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The midlife financial crisis

The midlife financial crisis

Category: Money

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We all like to think we'll have a comfortable retirement, yet more and more people are realising that this ideal may not be that easy to achieve. Indeed, the mid-life financial crisis is becoming increasingly commonplace, with research from Aegon highlighting the importance of forward planning.

Barriers to saving

The research found that a whopping 93% of those aged 45-54 say they face barriers to saving – or saving more – towards retirement. This is despite the fact that this age group is thought to be in their peak earning years, thereby making it a key time to catch up on retirement saving. Yet the figures show that it may not always be that simple.

The biggest barrier to saving is thought to be the cost of living, cited by 63% of respondents, while 39% cited insufficient income. Others were more specific, with 36% of people saying that mortgage or loan repayments were the biggest barriers, followed by the costs associated with family (32%), leaving little money left over to save.

Even those aged 55-60 still face difficulty saving for retirement: just 12% of respondents in this age group said there was no barrier to them saving, while 27% said mortgage or loan costs were a major barrier and 19% said the same for family-related expenses.

This highlights a "generational shift", the report noted, with mortgage and family commitments lasting much later into working life – and shows that it isn't only the younger age group who finds it difficult to save.

Don't put it off!

The overriding message we can take from this is to not assume that it'll be any easier to save for retirement in your 50s than it is in your 20s. So why wait?

"Nowadays, whatever your age, you're likely to face barriers to saving or saving more for your retirement," said Steven Cameron, pension director at Aegon. "For those in their 20s and 30s, it may be tempting to put off retirement saving, hoping to become free of pressing financial commitments. But that day may never come, with mortgage repayments and family financing no longer just for the under-45s."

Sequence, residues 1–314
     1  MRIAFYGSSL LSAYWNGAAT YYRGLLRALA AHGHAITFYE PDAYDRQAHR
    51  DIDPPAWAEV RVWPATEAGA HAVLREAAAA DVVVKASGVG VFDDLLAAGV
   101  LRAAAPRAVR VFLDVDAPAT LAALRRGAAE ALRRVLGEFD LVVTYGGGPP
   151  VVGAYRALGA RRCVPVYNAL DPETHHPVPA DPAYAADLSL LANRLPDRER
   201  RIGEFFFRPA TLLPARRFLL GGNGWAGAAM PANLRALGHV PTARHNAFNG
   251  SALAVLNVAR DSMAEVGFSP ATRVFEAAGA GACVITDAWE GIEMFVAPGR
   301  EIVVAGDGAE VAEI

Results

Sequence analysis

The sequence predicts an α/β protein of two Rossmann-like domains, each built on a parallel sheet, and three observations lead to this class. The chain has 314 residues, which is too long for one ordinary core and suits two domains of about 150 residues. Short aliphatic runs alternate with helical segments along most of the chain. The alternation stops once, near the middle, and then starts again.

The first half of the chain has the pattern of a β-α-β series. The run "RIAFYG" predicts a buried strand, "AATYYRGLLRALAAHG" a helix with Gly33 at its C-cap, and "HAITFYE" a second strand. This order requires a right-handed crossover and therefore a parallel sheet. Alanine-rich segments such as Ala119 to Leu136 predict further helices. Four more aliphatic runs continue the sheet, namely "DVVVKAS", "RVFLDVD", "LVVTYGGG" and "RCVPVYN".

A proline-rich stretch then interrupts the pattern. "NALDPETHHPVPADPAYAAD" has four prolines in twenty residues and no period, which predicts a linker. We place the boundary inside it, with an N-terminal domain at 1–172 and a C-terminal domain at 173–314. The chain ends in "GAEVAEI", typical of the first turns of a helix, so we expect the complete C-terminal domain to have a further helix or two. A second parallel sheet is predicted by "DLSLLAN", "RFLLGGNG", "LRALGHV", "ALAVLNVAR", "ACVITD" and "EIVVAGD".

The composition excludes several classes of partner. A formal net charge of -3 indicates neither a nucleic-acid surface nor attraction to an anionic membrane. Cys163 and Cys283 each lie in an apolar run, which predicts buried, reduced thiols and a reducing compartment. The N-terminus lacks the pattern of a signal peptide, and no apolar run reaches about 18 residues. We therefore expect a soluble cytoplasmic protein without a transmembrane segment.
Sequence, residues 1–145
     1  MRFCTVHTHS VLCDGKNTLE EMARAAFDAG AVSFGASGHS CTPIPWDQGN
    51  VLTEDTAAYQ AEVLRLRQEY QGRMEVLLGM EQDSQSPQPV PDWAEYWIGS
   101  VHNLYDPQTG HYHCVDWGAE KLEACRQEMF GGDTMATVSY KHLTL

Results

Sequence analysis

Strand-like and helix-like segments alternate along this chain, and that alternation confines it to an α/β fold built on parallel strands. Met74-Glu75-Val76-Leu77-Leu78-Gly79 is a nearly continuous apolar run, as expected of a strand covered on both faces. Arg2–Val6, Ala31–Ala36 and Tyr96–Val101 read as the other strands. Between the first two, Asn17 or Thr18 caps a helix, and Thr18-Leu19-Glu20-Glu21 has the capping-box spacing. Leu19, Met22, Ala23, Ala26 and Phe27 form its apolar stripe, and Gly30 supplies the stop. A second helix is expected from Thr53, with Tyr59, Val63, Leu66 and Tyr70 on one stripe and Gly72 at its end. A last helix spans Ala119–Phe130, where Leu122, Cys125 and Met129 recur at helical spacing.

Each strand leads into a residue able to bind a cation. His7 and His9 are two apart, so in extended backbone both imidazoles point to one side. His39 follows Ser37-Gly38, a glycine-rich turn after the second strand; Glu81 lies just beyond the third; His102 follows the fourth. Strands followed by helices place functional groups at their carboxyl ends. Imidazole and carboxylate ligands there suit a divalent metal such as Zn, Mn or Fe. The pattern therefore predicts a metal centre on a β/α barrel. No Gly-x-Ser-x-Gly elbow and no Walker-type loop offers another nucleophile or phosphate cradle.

Steven points out that escalating property prices mean people are taking on larger mortgages which won't be repaid until later ages – some mortgage providers have increased the age at which a mortgage can be repaid to 80 or later – with such financial pressure heightened by the fact that people are also starting families later. "Increasing tuition fees coupled with a challenging employment environment for younger people mean parents often face supporting their children for longer than previous generations," he added.

Ultimately, deferring pension saving in the hope of a financial boost in your 40s is an "increasingly risky strategy". So don't hang around – saving even modest amounts from an early age and regularly increasing this a little at a time can make a huge difference. Steven says that someone who starts saving £80 a month from their take-home pay at 25 could end up with a retirement pot worth £232,000 at age 65, versus a pot of around £52,000 for someone who starts at 45, so get saving from as early as possible and you'll stand a far better chance of having the retirement you aspire to.

What next?

Start saving by any means necessary! You'll want to start with a workplace pension, but don't overlook other long-term savings vehicles such as ISAs, giving you plenty of ways to build a nest egg for the future.

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